15 September 2015
Several international organisations are situated in The Hague.
The Dutch employment law does not apply to these organisations. The working relationship is governed by the own rules of the concerning organisation, which contain an internal procedure as well. Only after this procedure has been completed, the employee – or staff member – can file a complaint with the International Labour Organisation (ILO).
This procedure was followed by a staff member of the Technical Centre for Agricultural and Rural Cooperation (CTA). He was appointed by CTA per 15 April 2009 for an indefinite period of time. The first 6 months of the appointment were considered as trial period. On the 13 July the employee was informed that there were doubts about his professional capabilities. On 6 August a meeting took place with HR, in which this was further discussed. The next day CTA informed him that his contract was terminated with immediate effect. The staff member started the internal procedure to contest the termination. In the end, he was inform on 4 July 2012 that the conciliation had failed. The employee than filed a complaint with the ILO, on which is decided on 30 June 2015.
CTA submits that the complaint has been filed too late. According to the statute of the ILO, the complaint should have been filed within 90 days. Counting from 4 July 2012, 3 October 2012 is too late, thus CTA. The ILO states that the time limits are binding. An exception to this rule can only be made in case the staff member has not been informed about the impugned decision in due time, or when the employer has mislead the staff member, for example by providing the staff member with incorrect information. The latter applied to this situation. The staff regulations, applicable within CTA, mention a period of 3 months for the staff member to start the procedure at the ILO. The staff member acted on this. The complaint therefore is considered to be filed timely, and will be judged on its merits.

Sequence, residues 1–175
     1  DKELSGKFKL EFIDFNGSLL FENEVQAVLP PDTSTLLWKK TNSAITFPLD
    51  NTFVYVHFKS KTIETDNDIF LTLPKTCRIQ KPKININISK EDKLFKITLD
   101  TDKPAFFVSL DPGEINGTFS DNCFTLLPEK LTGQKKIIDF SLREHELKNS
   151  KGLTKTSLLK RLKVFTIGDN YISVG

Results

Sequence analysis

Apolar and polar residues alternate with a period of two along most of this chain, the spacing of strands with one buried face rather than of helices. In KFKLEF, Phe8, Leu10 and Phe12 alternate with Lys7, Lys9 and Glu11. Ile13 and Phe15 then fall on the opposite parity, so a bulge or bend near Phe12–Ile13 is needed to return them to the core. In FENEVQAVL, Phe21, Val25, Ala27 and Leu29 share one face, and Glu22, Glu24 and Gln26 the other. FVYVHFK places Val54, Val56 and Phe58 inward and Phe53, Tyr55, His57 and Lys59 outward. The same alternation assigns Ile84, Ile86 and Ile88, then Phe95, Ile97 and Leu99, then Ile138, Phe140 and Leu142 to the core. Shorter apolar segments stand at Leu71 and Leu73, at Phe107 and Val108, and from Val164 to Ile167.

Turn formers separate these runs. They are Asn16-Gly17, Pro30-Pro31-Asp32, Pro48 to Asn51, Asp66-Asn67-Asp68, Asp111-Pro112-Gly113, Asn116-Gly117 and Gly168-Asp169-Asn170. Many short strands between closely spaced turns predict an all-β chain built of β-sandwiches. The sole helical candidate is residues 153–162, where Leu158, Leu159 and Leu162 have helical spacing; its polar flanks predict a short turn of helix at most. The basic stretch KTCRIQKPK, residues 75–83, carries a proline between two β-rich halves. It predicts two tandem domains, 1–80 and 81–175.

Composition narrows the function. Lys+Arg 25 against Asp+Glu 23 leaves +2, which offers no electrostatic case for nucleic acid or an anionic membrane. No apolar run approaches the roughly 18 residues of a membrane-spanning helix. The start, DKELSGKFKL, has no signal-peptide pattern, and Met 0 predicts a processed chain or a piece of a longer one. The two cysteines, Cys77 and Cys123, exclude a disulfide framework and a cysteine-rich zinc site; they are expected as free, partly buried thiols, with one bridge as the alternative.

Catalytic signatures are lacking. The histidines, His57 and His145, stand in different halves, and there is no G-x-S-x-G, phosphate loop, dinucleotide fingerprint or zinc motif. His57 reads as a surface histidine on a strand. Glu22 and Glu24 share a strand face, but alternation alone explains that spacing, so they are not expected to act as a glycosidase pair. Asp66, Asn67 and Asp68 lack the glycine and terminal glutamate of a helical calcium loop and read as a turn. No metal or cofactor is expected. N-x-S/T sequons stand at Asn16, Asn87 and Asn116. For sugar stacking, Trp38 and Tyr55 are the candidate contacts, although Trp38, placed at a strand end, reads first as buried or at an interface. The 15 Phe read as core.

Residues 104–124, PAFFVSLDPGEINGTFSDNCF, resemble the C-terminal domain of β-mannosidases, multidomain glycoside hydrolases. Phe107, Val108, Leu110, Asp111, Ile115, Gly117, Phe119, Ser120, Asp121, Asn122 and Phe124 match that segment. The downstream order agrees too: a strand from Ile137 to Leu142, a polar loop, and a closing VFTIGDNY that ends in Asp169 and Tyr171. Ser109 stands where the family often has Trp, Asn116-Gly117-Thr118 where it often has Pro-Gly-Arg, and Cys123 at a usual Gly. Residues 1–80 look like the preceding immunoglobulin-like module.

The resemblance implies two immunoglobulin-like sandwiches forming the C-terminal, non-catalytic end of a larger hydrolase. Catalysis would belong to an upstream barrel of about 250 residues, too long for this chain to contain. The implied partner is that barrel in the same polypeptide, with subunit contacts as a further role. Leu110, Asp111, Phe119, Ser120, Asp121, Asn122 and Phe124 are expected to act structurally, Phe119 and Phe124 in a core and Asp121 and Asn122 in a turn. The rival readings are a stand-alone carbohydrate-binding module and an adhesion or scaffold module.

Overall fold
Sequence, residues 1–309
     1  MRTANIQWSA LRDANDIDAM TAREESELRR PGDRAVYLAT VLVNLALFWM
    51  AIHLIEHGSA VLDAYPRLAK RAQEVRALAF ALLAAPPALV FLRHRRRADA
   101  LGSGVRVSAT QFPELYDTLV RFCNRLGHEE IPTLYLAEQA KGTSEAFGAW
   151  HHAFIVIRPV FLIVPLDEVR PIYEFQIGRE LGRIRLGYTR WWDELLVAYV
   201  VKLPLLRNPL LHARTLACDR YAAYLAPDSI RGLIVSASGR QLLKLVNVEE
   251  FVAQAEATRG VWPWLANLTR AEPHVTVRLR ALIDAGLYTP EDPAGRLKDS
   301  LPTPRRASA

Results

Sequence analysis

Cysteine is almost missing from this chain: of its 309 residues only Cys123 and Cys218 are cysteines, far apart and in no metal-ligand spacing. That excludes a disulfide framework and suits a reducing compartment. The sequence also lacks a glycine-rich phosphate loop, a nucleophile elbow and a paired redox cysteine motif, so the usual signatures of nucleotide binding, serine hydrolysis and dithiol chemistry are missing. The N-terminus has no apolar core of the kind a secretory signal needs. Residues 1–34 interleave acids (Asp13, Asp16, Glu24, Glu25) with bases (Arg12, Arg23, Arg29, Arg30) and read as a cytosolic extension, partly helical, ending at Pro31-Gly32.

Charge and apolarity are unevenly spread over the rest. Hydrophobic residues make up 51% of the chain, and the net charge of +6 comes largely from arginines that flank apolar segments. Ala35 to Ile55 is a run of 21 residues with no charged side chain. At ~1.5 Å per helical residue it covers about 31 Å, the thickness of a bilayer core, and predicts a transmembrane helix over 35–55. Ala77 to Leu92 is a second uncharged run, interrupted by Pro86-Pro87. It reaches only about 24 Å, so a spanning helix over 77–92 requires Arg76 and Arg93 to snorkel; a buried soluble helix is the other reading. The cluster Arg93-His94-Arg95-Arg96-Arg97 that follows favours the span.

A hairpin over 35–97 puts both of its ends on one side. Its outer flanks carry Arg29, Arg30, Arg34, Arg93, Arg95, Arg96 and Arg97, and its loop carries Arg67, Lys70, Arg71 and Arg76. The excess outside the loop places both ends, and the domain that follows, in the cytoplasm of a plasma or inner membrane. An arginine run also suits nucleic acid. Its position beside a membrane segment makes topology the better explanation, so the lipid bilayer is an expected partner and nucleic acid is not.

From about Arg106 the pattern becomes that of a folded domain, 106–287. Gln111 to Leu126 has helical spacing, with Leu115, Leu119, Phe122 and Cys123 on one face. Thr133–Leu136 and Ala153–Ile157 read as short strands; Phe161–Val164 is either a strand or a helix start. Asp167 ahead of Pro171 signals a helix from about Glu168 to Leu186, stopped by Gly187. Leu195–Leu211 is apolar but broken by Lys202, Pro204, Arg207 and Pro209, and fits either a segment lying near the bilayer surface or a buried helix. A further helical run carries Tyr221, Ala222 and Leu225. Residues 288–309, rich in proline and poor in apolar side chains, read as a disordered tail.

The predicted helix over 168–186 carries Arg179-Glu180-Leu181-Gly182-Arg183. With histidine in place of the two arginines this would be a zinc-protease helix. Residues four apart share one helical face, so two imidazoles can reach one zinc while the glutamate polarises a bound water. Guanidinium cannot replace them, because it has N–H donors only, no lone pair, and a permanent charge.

First of all, the ILO states that it exercises only a limited power of review over the decision of the termination. Leaving aside certain exceptions, the ILO won’t judge whether the termination is reasonable. She does judge whether the formal aspects and rules are taken into account. Then, the ILO points out that, based on established case law, an international organisation must give its staff members, especially those in their trial period, guidance, instructions and advice as to the performance of their duties. The staff member is entitled to have objectives so that he knows how his performance is assessed. A staff member whose performance is not considered satisfactory must be informed in a timely manner so that improvement is still possible, and a termination of the work relation can be avoided. CTA failed to do all this. The ILO considers this to be a breach of the duty of care of CTA towards its staff member. Considering that it is unsure whether the appointment would have been confirmed after the trial period in case CTA would have complied with her duty of care, the compensation is limited to the remaining salary over the trial period. Besides, CTA has to pay the staff member € 5.000,- in compensation for moral injury, as well as € 1.000,- for the costs made by him.
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